Jan. 09, 2015

Tonnage control under maximum and instantaneous power constraints

  • White paper
  • ore transportation
  • material handling
  • mines

This paper presents a control solution to optimize ore transportation on a transfer conveyor belt fed by variable speed feeders. The purpose of this advanced regulatory control is to always operate at mechanical and electric constraints rather than at a sub-optimal average throughput.

  1. In the mining industry, there are many applications for ore to be conveyed without posing a hazard to either personnel or equipment and without overflow or overload. In certain applications, there is a strong incentive to maximize conveyor throughput to minimize loading time, for example, to reduce hourly docking fees for boat loading.

    A common installation is for multiple hopper-fed variable speed feeders to dump onto a long, fixedspeed transfer conveyor on which a belt scale measures throughput in tonnes per hour (t/h). The main constraint for high throughput is the power draw on all the conveyor motors.

    The standard PID tonnage controller measures the belt scale weight and manipulates the feeder rates. The distance from the belt loading point to the scale, combined with belt speed (m/s), determines the transportation time lag. This lag is used to determine the difficulty of closed loop control; the longer the lag, the harder it will be to control tonnage, which means controller settings will have to be more conservative to minimize the risk of overloading the transfer conveyor belt. At startup, the time to reach the requested nominal tonnage will be directly proportional to the lag. For example, for a 700-metre distance between the belt loading point and the scale, at a speed of 3.5 m/s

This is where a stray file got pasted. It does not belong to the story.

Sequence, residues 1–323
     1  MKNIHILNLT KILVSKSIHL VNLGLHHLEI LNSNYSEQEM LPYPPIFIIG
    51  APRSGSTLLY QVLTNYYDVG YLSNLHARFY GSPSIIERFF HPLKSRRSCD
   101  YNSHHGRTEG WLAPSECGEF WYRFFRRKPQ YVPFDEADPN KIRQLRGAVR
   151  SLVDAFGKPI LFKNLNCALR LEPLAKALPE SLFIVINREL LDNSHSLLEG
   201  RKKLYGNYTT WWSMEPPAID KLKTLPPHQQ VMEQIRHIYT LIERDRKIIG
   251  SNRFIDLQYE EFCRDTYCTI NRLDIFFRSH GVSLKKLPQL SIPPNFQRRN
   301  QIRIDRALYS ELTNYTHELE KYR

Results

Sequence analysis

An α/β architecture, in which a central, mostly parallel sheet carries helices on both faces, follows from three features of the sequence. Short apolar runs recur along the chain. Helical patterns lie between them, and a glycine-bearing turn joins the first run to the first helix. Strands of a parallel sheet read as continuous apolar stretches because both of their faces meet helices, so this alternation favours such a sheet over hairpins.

(at nominal tonnage), the estimated lag will be over three minutes. In closed loop control, it would take the tonnage PID controller approximately 30 minutes to stabilize, which would most likely result in a conveyor belt overflowing with ore and an overloaded motor.

    Variable feeder operation combined with this lag-induced slow reaction time results in a lower average flow than the calculated nominal rate.

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